RBS agrees $4.9bn to settle United States subprime case

RBS agrees $4.9bn to settle United States subprime case

Royal Bank of Scotland has agreed a £3.6billion penalty to end an investigation into its actions in the run up to the 2008 financial crisis. But Mr McEwan called the settlement a "milestone moment" for the bank.

The settlement could pave the way for the British government to begin selling its stake in RBS again, which now amounts to 71 per cent of the business. Late on Wednesday it reached a $4.9 billion settlement in principle with US prosecutors over crisis-era mortgage bond sales, one of the last banks to do so.

"The number is a firm number", Stevenson said.

RBS said 3.46 billion U.S. dollars (£2.5 billion) of the proposed civil settlement will be covered by existing provisions and the bank will take a 1.44 billion USA dollar (£1.1 billion) hit in its second quarter results.

The latest settlement follows a 5.5 billion U.S. dollars (£4.1 billion) United States penalty agreed with the Federal Housing Finance Agency last July.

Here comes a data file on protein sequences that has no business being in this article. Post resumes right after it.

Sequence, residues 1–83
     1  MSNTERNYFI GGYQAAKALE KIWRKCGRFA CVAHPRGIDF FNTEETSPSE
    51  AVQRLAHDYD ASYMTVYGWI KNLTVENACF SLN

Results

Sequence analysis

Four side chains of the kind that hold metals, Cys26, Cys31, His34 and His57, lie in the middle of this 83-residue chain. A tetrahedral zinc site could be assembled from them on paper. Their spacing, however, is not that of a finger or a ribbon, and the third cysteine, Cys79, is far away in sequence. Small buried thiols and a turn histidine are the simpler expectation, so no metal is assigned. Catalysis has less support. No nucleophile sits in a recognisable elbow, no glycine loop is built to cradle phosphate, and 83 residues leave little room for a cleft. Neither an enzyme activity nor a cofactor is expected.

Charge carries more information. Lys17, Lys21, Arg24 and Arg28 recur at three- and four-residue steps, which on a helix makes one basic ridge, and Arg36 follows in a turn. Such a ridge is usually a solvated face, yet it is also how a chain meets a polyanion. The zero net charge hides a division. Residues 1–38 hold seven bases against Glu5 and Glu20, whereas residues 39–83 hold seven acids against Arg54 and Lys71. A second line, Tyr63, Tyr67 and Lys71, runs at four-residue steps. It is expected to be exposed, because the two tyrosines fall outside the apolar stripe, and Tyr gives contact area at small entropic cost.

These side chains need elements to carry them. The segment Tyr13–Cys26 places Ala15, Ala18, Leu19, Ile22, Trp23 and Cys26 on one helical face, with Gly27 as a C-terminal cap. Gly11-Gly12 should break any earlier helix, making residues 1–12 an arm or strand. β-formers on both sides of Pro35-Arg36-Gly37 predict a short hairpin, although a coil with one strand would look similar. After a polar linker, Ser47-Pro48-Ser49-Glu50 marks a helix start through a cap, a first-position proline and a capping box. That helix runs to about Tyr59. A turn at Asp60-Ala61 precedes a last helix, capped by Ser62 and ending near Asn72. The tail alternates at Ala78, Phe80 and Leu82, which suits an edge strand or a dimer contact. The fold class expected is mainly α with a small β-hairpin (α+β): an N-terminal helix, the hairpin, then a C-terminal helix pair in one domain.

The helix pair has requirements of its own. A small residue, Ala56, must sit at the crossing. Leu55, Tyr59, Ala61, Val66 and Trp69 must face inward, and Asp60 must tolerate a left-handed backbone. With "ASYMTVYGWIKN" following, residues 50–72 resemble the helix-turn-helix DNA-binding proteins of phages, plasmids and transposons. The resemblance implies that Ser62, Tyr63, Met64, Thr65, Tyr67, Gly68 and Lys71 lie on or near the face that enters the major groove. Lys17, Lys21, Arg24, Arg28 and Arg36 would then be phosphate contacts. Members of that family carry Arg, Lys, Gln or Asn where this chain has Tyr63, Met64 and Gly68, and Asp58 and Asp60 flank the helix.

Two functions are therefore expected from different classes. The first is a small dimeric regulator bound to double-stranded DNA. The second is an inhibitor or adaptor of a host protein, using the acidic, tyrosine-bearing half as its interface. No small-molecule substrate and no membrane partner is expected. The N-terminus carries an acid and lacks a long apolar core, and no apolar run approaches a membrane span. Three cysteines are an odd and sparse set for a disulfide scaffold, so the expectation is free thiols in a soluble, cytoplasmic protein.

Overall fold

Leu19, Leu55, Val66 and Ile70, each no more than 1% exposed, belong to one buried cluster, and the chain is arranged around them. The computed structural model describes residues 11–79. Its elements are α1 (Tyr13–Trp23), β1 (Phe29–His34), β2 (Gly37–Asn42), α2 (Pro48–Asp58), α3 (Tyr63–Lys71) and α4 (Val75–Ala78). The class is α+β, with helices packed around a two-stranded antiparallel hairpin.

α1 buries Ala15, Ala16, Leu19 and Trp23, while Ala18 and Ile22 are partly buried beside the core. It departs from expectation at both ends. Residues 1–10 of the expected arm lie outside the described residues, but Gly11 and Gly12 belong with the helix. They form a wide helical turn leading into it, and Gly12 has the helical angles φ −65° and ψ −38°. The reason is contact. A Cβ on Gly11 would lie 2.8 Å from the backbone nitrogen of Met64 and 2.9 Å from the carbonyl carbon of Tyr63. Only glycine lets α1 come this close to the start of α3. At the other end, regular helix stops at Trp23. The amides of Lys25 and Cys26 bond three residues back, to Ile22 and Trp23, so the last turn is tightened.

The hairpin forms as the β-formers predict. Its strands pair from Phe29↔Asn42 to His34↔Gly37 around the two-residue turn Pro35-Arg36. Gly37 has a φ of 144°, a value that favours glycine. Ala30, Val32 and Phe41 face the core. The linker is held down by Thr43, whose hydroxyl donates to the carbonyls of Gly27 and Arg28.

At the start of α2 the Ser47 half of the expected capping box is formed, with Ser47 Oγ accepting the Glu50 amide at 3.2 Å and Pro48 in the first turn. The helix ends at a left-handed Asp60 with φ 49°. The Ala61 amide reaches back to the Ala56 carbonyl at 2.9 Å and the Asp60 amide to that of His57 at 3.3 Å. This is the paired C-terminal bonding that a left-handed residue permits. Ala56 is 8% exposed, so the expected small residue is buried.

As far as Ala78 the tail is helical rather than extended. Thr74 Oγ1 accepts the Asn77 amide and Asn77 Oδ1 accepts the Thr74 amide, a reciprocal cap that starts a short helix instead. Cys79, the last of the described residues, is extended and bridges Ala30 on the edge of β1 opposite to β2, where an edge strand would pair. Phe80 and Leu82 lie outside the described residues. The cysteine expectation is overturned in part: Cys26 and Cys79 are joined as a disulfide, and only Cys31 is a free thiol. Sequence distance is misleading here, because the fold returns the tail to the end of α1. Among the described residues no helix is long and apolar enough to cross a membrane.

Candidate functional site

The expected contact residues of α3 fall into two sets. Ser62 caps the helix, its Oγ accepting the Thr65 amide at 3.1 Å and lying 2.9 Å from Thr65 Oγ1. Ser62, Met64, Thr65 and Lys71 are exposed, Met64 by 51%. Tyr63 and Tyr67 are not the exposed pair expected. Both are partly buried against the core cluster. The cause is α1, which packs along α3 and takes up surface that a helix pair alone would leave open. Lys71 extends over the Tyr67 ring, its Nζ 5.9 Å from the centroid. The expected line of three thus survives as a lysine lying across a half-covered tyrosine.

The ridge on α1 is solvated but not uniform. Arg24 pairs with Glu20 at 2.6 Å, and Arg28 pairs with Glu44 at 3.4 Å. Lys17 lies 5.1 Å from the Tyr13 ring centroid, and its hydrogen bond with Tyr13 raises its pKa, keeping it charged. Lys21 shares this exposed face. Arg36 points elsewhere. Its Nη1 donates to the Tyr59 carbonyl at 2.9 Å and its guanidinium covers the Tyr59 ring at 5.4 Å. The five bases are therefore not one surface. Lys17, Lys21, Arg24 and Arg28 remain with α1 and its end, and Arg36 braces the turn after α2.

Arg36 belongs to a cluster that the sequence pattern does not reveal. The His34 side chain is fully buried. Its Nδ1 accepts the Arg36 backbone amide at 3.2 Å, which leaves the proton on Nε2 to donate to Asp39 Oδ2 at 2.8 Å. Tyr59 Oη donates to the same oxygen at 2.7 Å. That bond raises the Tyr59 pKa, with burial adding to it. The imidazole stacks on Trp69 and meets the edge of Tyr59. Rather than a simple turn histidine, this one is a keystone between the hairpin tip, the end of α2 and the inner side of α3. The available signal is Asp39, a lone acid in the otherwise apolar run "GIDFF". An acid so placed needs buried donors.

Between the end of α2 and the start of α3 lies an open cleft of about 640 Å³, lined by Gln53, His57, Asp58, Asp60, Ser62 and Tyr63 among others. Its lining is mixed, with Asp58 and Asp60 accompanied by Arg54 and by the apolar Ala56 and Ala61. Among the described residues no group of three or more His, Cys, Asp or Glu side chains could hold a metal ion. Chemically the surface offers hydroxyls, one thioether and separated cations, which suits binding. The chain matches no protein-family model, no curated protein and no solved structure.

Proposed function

That suit ended on March 29, when Barclays reached an agreement with the Trump Justice Department to pay the same $2 billion it had offered the prior administration. Incidentally, the settlement is deemed to pave the way ahead for the long-awaited return of cash to United Kingdom tax payers - the ones who bankrolled its survival post the 2008 financial crisis.

It narrowly avoided insolvency in 2008 after the government agreed a 45 billion pound ($61 billion) bailout, just six months after it had raised 12 billion pounds of cash from shareholders.

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The fine had been a big obstacle to the government's plan, laid out in November, to begin reprivatising RBS before the end of the 2018-19 fiscal year - a much-needed boost for finance minister Philip Hammond's coffers.

And the bank recently revealed that this year's first-quarter net profits more than tripled on lower restructuring costs and rising income. He described a new policy in which US prosecutors will work closely with their counterparts in other enforcement agencies to coordinate penalties, with the Justice Department adjusting its assessments to account for other fines.

With (Other OTC: WWTH - news) the penalty paid, RBS can now open talks with United Kingdom regulators about the resumption of dividend payments.

"This is hardly a Silicon Valley company".

"We need to consider the impact on innocent employees, customers and investors who seek to resolve problems and move on", he said.

The final agreement may take several weeks to negotiate, RBS said.

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